In addition to capacity management, maintaining diverse access routes for traffic is critical to a network’s reliability. Ziply Fiber maintains a “triverse” routing principle with three routes to virtually every major location. As a regional player rather than a national network, the team can quickly locate and reach infrastructure interruptions and have firsthand familiarity with the regions they serve.
“We have always strived to be local in our approach,” Gellos explains. “We are part of these communities. I grew up in Oregon, and it’s a vibrant state. Our team has been in these communities their entire lives. We’re building this out for our community and for ourselves.”
When expanding into new markets, Ziply Fiber takes a collaborative approach—often partnering with cities to deliver the infrastructure they need. The company has worked with dozens of municipalities to secure federal and state grants to build fiber networks, allowing the cities and Ziply Fiber to achieve success faster than they would on their own.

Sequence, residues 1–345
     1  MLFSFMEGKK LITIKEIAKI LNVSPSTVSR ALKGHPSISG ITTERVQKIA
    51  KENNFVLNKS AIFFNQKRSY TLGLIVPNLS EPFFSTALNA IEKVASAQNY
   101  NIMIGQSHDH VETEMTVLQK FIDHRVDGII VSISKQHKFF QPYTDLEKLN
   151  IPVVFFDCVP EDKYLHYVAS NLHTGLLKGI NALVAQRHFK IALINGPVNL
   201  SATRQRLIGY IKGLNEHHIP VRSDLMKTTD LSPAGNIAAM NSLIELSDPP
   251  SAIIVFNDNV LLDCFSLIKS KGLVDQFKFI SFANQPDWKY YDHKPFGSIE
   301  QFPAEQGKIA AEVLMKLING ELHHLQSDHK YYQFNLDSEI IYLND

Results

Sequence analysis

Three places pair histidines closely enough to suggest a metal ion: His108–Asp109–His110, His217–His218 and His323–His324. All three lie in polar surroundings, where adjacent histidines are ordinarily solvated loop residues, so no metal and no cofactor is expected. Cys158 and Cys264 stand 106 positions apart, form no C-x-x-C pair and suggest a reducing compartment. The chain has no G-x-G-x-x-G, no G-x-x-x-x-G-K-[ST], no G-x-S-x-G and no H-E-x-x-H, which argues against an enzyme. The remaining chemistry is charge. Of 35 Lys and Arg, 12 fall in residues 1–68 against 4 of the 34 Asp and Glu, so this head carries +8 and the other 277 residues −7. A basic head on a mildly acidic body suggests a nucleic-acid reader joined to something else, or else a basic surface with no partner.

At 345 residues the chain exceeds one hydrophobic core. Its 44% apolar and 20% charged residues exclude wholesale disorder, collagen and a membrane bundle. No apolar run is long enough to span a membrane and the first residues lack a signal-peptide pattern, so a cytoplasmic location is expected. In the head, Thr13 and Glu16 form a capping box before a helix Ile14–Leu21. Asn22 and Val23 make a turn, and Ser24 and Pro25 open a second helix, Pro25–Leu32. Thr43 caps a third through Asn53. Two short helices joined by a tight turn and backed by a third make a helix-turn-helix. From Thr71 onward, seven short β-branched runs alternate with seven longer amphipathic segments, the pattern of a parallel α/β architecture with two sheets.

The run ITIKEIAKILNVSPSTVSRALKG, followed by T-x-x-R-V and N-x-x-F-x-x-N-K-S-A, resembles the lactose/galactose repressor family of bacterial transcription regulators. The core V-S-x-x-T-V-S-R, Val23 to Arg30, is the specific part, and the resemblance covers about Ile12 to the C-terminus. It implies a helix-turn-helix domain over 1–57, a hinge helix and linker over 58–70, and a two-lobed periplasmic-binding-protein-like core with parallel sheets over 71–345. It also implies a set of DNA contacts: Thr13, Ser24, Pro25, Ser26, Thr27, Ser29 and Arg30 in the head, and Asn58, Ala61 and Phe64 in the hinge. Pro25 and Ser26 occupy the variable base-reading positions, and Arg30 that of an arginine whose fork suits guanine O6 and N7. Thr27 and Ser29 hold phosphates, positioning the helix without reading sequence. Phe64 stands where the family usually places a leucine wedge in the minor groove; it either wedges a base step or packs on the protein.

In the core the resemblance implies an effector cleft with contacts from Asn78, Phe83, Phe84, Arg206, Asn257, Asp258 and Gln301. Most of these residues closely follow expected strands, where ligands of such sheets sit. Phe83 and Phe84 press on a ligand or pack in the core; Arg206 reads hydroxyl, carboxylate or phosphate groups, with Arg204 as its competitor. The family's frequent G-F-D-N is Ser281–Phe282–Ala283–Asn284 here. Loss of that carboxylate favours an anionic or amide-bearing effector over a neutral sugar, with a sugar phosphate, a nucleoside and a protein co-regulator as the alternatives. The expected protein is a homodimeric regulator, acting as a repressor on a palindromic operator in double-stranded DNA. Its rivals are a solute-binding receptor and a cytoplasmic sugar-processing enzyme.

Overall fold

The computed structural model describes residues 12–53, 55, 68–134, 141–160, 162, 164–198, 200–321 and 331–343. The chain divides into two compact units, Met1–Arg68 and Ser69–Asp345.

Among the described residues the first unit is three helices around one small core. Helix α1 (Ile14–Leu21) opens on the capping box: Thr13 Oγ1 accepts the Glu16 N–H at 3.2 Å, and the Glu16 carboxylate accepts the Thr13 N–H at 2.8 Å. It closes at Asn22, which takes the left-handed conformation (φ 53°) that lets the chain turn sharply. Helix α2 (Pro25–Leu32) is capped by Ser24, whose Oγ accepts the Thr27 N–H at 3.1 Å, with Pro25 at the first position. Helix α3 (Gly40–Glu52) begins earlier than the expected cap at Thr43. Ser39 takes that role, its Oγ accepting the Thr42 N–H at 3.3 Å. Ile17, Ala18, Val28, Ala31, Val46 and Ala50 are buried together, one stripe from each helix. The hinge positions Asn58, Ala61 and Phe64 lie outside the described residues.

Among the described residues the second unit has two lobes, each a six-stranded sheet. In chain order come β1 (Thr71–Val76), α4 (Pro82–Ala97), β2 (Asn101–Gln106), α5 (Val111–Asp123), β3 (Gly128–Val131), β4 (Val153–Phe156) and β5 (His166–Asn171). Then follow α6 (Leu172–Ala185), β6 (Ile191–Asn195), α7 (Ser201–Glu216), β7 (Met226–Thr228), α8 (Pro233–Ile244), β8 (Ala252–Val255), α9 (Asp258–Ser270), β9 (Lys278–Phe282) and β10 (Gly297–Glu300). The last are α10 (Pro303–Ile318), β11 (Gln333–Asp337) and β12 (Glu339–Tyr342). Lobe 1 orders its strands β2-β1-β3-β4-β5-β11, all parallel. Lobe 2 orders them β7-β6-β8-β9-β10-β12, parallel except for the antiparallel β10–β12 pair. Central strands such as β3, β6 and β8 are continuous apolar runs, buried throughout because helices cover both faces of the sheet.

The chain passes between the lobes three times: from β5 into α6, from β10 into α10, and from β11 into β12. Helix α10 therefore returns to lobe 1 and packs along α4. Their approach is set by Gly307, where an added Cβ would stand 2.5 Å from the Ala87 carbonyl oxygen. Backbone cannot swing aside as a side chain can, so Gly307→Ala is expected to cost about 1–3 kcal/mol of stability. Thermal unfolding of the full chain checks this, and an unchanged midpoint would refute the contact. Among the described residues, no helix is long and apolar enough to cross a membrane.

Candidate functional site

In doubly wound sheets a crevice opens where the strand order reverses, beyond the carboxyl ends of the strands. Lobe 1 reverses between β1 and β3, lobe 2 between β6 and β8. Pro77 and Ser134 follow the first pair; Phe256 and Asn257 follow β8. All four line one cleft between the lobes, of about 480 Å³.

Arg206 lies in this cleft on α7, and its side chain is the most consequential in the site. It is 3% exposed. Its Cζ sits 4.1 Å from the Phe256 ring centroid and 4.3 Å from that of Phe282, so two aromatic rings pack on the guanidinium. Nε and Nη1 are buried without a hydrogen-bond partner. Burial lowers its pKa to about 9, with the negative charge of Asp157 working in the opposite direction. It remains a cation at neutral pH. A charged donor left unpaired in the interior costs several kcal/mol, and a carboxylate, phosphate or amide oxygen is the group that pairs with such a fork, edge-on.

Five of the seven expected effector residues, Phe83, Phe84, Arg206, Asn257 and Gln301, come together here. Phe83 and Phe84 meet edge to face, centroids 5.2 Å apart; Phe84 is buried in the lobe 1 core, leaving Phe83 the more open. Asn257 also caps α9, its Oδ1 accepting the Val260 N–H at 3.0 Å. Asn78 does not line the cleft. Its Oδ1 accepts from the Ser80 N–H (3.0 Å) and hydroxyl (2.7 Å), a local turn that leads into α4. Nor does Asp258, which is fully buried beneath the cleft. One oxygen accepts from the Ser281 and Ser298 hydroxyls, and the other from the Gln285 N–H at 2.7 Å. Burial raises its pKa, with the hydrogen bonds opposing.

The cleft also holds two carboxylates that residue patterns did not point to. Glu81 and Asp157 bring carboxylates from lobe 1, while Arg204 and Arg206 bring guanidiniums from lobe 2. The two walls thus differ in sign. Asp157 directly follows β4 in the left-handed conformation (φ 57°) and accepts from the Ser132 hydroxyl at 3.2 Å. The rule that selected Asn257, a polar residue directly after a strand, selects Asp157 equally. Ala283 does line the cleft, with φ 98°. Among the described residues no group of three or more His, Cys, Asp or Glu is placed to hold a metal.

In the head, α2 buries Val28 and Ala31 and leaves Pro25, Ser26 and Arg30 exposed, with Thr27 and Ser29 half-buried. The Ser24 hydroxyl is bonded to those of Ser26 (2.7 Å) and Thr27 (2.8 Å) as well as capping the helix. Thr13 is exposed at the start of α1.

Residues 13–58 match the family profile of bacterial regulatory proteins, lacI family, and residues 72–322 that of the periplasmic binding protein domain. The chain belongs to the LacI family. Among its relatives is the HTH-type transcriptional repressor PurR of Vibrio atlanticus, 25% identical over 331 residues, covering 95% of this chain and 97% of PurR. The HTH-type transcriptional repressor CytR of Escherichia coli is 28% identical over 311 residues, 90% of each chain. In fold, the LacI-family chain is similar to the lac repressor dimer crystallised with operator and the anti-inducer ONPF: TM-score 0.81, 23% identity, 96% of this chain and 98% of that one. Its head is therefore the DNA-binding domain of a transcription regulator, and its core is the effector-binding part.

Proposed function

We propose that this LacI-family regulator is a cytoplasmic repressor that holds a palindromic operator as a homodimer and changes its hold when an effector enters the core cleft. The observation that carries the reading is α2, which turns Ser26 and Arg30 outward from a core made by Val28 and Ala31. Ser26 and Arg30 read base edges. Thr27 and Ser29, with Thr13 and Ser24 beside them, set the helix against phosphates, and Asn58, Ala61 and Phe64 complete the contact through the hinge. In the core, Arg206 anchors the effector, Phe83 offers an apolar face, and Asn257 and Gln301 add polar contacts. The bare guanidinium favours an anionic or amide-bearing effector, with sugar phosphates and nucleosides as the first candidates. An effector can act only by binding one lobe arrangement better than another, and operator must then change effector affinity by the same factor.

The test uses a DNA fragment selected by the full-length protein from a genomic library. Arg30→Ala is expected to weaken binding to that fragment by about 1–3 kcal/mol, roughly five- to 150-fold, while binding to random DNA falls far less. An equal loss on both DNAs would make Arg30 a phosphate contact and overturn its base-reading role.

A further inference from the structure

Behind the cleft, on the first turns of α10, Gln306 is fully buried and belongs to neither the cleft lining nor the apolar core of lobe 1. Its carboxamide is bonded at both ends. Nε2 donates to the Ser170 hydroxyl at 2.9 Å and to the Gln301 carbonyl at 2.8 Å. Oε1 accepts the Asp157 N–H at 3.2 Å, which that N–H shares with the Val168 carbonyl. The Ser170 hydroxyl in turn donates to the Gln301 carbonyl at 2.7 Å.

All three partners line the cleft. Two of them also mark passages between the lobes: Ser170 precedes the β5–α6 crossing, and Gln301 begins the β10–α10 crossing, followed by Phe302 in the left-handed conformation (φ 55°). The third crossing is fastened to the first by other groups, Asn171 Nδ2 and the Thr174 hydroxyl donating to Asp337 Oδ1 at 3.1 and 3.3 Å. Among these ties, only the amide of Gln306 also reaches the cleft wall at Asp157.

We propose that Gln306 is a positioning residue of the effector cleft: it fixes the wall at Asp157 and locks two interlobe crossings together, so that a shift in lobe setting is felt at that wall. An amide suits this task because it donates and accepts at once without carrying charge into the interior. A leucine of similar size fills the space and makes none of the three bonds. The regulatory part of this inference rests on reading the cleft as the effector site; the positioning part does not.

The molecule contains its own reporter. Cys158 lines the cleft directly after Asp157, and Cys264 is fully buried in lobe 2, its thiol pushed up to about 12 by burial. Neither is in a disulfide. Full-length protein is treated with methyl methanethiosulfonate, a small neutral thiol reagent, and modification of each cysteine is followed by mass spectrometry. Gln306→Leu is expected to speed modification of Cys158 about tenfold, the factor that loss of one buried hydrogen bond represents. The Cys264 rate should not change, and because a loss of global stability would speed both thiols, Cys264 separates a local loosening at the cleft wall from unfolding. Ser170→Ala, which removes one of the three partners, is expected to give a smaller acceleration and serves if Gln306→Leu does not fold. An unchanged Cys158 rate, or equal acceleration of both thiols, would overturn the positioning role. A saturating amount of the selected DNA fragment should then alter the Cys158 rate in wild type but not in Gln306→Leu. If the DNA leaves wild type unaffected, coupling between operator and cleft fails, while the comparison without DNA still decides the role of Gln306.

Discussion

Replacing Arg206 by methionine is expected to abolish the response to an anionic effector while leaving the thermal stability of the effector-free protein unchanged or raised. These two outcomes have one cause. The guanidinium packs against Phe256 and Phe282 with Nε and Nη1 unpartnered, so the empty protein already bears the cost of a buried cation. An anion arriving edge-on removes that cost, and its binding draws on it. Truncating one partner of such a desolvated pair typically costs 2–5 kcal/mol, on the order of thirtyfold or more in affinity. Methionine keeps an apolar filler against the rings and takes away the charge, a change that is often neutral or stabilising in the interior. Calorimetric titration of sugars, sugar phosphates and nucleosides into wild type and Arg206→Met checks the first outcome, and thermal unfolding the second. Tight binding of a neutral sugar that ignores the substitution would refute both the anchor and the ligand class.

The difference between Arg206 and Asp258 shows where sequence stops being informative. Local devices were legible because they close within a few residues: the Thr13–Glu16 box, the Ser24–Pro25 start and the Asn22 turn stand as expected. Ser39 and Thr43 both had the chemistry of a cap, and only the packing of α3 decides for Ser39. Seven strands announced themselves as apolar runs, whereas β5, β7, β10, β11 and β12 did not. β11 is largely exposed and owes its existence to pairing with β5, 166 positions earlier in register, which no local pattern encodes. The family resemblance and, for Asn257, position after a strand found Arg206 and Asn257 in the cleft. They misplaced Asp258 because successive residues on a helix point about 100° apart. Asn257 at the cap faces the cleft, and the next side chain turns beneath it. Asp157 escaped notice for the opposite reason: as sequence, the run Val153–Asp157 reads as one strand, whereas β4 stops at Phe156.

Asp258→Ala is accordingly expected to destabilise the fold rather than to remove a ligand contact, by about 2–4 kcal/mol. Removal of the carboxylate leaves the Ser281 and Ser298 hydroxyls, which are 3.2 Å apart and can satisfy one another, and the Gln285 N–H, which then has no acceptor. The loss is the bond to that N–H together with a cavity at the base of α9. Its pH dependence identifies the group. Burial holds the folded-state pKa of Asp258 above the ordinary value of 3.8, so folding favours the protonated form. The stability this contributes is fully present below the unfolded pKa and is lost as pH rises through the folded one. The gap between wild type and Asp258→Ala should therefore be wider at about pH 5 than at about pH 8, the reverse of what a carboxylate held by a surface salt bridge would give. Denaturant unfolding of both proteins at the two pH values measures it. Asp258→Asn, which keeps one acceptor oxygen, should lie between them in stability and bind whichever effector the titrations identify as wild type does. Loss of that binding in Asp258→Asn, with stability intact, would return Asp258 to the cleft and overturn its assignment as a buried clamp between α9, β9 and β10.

According to Gellos, the economic benefits are measurable: “When they get the connectivity they’ve been thirsting for, it expands opportunity in these markets for both local businesses and those who may seek to join the community. Businesses are saying they need to be where there’s highspeed connectivity and it is absolutely a part of their primary decision making when evaluating cities they look at for expansion.”
Ziply Fiber continues to work with cities to bring maximum-speed connectivity to every corner of Oregon, committed to the belief that digital inclusion remains the best path forward for the state, the economy, the company, and their shared future.
For more on how Ziply Fiber partners with municipalities and public organizations, visit its Civic Partnerships Page at ZiplyFiber.com.
Brand stories are paid content articles that allow Oregon Business advertisers to share news about their organizations and engage with readers on business and public policy issues. The stories are produced in house by the Oregon Business marketing department. For more information, contact associate publisher Courtney Kutzman.